Last week, as well, a set of studies by the interdisciplinary CICERO Center for International Climate Research echoed GGON’s conclusion that countries have a long way to go to get fossil fuel emissions under control.
“A surge in natural gas has helped drive down coal burning across the United States and Europe, but it isn’t displacing other fossil fuels on a global scale,” InsideClimate reports. “Instead, booming gas use is fueling the global growth in greenhouse gas emissions.”
The projected increase of 0.6% “would be significantly slower than last year,” InsideClimate concedes. “But it would mark the third straight year of growth, after three years of stable emissions.” Crucially—and of particular interest to anyone promoting liquefied natural gas (LNG) exports driven by fracked natural gas from northeastern British Columbia—“the assessment does not include the methane emissions released by producing and shipping fossil fuels.”
“Globally, most of the new natural gas being used isn’t displacing coal, it’s providing new energy. That’s the key interaction, and that’s true for renewables even,” said Stanford University Earth system scientist Rob Jackson, lead author of one of the three reports. “We need renewables that displace fossil fuels, not supplement them.”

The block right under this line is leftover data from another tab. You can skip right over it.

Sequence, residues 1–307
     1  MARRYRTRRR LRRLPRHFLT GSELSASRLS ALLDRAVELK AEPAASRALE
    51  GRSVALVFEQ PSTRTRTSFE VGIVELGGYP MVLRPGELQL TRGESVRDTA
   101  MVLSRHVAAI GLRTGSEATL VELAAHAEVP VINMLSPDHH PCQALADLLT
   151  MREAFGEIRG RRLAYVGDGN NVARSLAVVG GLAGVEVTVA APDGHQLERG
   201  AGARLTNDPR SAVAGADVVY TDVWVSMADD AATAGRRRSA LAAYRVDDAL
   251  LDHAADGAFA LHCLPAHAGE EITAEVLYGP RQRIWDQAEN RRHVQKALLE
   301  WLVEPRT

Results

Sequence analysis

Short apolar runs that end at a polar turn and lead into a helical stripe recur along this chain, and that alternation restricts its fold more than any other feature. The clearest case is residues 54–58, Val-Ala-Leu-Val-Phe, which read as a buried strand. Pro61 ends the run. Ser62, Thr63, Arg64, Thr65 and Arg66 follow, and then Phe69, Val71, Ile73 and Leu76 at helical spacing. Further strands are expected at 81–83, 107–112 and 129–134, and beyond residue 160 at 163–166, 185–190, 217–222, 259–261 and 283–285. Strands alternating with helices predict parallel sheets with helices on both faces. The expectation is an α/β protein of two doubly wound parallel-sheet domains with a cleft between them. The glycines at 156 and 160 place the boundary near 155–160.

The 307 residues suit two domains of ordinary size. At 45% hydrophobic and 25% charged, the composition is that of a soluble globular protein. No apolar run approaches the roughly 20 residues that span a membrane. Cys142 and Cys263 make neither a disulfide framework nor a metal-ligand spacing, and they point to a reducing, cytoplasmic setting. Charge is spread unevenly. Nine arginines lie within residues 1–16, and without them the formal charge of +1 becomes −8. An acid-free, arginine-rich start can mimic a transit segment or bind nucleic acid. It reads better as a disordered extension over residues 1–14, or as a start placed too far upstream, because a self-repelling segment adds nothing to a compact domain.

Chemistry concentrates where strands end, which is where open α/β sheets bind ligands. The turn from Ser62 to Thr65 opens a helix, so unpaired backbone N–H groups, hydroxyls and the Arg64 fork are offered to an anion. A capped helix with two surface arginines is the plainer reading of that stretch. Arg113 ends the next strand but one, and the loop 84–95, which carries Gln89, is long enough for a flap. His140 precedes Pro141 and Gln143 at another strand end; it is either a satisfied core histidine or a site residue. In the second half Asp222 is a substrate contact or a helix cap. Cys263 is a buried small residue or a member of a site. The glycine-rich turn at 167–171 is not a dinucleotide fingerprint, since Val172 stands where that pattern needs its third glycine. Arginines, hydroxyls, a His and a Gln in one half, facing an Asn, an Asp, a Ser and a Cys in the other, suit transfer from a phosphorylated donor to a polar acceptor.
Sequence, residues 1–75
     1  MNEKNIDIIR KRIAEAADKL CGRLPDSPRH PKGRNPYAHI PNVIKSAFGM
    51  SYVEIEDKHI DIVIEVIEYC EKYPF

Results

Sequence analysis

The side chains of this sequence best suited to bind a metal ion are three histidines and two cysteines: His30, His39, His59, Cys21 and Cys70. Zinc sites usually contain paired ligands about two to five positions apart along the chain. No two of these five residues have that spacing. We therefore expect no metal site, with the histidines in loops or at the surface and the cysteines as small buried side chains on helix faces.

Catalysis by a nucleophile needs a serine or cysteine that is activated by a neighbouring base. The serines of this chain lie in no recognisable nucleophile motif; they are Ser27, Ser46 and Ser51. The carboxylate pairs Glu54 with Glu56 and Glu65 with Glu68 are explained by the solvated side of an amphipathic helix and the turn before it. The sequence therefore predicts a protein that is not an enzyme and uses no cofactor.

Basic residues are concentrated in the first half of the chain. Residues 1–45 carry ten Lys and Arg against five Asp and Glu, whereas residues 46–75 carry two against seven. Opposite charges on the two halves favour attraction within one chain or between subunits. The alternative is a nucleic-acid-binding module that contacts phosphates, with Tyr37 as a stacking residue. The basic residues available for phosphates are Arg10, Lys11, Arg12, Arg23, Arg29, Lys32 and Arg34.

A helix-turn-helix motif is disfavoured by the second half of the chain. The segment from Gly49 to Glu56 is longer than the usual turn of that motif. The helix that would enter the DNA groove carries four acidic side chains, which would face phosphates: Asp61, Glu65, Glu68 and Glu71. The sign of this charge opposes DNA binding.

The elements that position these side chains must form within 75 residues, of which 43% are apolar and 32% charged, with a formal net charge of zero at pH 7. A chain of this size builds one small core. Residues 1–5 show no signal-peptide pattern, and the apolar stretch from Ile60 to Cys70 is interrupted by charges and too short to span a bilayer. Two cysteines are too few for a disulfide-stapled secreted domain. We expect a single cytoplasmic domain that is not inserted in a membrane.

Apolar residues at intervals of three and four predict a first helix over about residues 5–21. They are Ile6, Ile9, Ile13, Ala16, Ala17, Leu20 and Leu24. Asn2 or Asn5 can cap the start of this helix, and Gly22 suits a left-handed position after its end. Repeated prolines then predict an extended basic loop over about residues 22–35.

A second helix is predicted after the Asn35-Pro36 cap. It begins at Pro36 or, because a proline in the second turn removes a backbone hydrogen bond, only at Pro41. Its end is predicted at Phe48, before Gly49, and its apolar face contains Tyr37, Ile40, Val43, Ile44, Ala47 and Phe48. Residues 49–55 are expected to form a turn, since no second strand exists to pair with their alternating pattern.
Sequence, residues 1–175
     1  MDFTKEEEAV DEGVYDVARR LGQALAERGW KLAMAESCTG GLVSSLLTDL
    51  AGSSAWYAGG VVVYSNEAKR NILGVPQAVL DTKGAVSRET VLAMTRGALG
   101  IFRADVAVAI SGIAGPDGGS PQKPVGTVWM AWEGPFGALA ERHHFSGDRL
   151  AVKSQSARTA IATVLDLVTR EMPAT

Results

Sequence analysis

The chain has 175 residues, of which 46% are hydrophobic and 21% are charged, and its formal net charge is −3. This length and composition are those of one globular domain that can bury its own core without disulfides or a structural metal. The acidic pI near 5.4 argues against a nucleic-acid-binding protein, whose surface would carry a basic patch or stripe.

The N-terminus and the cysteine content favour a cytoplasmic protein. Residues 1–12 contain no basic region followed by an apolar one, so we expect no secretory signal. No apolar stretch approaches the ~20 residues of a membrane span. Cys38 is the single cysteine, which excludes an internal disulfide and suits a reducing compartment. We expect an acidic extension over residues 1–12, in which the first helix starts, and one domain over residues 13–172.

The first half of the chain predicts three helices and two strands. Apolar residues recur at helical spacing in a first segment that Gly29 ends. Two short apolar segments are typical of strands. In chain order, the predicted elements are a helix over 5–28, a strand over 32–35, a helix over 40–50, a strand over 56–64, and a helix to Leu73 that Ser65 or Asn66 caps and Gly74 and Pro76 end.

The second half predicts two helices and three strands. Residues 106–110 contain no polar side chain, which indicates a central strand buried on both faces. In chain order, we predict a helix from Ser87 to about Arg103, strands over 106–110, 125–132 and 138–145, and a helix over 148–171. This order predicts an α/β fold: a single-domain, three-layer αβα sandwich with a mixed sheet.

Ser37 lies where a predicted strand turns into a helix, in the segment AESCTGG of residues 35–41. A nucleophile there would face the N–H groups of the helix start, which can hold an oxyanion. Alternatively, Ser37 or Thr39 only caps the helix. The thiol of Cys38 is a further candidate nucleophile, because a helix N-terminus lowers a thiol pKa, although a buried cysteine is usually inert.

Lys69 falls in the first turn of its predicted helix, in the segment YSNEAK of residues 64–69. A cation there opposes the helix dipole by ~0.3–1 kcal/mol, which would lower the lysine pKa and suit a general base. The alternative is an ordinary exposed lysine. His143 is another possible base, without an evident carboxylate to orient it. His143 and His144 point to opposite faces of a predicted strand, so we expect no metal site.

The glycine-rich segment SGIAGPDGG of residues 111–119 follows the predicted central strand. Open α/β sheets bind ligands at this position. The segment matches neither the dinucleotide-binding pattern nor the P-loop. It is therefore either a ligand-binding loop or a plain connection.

That’s a big problem, InsideClimate explains, because “each year of growth makes it harder and more expensive to meet the goals of the Paris climate agreement,” and “natural gas presents a particular challenge.” It’s been the main replacement for shuttered coal plants in the United States and Europe, prompting some fossil executives to begin calling gas a “forever fuel” that can grow for decades to come. That expectation, in turn, has triggered rapid growth in the global market for LNG, even though “Jackson warned that much of this growth is supplementing coal power generation, rather than supplanting it. In Japan, the vast majority of new gas imports since 2010 have replaced nuclear capacity lost after the accident at Fukushima, for example.”
Another concern is that the multi-billion-dollar price tag for a new LNG terminal will make it harder to cut emissions in the years ahead, with investors looking for a return on the dollars they poured into those facilities, InsideClimate says.
“I have strong concerns about the pace of our natural gas build-out in the United States and globally,” Jackson said, “because those facilities will be producing pollution for many decades.”
While CICERO sees some promise in the shift to renewable energy and greater reliance on energy efficiency, InsideClimate says solar and wind offset only one-sixth of the decline in coal in the United States, and the momentum globally has been limited. “It’s shocking in a way,” Jackson told reporter Nicholas Kusnetz. “I believe that wind and solar and renewables will help us turn the corner. We haven’t turned the corner yet, though.”